Essay on Garvey vs. Du Bois

1977 Words May 15th, 2007 8 Pages
The Common Difference’s of Elitism Vs. Nationalism
The often fierce ideological exchanges between Marcus Garvey and W.E.B. Du Bois are interesting, not as much because of the eloquence of their expression, as because of the fact that although outwardly contradictory, these ideologies were often unified at their foundation. This unity was not simply in terms of the broad and obvious intent to better the conditions of “black folk”, it was in terms of the very details that defined the trajectory and means of the advancement of blacks in America and all over the world.
It is clear that the seeming ideological disunity between the Garvey and Du Bois perspectives only masked the commonalities that underpinned each of their approaches to
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Washington and in many aspects drew influence from Washington’s movement. In fact, Garvey created an agricultural and industrial school in Jamaica that was modeled after Washington’s Tuskegee Institute. Du Bois found this approach to be inadequate in that it valued material accumulation over the higher purpose of human existence. More specifically, Du Bois felt that Garvey and Washington’s emphasis on vocational training for technical trades did not equip blacks with the tools to be of wisdom and strong character. In his famed essay on the “Talented Tenth” Du Bois stated, “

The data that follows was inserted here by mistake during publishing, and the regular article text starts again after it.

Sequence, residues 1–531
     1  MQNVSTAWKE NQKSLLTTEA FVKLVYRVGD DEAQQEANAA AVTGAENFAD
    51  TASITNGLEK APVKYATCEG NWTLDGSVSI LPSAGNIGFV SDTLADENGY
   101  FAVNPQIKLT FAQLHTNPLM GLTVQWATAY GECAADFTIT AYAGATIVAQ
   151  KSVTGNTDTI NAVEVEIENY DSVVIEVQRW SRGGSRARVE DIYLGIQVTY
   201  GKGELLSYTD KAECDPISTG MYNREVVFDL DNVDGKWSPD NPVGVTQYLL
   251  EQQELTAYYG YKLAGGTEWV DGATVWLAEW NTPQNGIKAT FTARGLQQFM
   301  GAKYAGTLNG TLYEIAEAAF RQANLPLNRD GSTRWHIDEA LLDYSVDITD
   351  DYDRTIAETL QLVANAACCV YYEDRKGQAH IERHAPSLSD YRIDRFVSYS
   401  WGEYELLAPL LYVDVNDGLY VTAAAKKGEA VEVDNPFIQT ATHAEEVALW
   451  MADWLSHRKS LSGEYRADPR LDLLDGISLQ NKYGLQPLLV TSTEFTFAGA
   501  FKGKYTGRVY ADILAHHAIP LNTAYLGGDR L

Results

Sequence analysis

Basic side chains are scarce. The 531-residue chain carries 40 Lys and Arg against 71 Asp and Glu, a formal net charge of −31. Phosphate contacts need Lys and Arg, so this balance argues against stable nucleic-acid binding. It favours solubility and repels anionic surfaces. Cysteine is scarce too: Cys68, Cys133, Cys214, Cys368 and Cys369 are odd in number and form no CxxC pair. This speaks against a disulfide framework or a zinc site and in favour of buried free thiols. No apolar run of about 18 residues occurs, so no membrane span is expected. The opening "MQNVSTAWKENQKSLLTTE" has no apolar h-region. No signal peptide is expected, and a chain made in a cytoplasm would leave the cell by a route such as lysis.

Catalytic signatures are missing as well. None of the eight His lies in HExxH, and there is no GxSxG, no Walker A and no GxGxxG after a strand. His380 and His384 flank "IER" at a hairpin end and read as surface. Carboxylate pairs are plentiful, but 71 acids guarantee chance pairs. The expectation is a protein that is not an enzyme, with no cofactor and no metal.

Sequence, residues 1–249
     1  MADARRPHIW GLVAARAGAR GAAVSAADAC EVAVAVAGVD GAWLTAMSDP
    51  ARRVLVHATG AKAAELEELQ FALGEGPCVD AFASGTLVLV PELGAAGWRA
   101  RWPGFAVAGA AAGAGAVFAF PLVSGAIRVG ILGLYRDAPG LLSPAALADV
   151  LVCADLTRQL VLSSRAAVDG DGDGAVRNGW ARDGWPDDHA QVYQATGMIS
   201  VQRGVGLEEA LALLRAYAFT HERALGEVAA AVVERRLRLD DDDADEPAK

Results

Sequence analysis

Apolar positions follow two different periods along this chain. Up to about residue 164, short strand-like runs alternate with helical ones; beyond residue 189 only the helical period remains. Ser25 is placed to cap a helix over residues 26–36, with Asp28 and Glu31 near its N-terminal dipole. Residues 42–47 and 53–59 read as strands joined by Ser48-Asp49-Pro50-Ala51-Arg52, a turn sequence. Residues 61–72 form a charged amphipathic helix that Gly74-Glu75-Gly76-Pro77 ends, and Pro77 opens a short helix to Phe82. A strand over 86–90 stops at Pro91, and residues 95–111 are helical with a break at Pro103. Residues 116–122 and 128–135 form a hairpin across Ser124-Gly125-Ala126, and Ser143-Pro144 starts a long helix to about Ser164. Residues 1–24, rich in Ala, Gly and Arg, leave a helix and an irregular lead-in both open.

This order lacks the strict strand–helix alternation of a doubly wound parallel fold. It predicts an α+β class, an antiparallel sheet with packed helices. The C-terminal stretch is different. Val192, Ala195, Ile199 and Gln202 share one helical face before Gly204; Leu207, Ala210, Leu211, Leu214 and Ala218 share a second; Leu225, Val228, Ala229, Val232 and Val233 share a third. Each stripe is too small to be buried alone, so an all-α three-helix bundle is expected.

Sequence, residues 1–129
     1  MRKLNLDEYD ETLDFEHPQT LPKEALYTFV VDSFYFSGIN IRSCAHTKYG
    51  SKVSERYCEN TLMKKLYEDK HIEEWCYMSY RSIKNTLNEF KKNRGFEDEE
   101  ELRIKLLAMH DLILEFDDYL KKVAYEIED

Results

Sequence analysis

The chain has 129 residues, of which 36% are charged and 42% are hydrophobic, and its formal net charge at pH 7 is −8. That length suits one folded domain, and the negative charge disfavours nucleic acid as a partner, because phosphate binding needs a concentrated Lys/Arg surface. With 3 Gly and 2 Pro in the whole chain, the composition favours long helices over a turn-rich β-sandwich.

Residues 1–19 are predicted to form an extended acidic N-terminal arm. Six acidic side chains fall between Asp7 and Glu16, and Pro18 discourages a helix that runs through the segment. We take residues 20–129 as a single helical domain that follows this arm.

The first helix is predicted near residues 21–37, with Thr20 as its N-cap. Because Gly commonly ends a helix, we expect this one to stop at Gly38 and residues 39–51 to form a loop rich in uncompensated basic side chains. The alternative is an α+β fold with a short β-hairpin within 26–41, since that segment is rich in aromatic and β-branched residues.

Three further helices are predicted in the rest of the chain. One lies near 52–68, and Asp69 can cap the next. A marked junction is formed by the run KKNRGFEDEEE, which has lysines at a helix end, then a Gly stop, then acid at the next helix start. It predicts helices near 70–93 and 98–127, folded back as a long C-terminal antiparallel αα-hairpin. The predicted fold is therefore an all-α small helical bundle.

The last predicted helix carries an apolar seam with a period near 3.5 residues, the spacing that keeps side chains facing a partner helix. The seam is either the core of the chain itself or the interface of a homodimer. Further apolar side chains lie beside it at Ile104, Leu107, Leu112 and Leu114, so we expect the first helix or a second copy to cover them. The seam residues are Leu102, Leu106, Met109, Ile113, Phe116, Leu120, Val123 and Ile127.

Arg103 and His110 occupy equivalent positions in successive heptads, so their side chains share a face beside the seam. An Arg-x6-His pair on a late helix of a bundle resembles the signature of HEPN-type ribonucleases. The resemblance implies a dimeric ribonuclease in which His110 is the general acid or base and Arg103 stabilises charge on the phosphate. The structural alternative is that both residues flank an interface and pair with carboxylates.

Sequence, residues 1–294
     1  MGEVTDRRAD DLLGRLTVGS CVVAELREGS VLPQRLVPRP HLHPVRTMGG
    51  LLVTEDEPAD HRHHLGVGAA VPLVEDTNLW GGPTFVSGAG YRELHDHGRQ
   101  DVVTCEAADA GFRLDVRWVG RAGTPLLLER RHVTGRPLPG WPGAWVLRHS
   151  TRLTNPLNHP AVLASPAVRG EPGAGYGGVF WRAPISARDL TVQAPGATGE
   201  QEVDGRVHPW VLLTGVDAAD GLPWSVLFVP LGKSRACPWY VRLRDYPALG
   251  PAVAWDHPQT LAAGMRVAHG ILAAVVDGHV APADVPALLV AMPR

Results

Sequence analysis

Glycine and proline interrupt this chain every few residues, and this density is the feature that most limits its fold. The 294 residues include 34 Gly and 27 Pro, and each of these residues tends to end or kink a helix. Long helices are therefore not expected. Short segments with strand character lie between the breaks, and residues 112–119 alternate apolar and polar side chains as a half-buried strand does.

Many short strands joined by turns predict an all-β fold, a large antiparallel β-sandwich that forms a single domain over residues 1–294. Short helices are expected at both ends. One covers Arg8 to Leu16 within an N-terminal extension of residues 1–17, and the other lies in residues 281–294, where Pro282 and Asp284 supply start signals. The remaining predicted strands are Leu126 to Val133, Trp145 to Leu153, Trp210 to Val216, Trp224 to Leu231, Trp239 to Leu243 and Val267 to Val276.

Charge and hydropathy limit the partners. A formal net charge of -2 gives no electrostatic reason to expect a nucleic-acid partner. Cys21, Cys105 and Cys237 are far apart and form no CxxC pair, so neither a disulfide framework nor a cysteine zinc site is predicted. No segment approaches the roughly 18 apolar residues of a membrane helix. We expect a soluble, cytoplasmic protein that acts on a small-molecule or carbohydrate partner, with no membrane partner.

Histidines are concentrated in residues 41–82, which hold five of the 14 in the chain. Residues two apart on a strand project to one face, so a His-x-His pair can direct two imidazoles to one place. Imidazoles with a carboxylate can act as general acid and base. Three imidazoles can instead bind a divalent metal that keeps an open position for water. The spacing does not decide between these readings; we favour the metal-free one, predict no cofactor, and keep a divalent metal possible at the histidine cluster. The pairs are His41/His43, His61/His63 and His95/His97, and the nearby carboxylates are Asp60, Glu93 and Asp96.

…If we make money the object of man-training, we shall develop money-makers but not necessarily men; if we make technical skill the object of education, we may possess artisans but not, in nature, men. Men we shall have only as we make manhood the object of the work of the schools-intelligence, broad sympathy, knowledge of the world that was and is, and of the relation of men to it…

Ultimately, however, although Garvey and Du Bois were in disagreement over the extent to which each theme should be emphasized, their basic premise that underscored the significance of these particular areas shows the fundamental unity of their respective view points. Garvey’s and Du Bois’ ideologies also had in common a global perspective that embraced the broader Negro race with a special deference to Africa. Du Bois was a champion of the Pan Africanist movement

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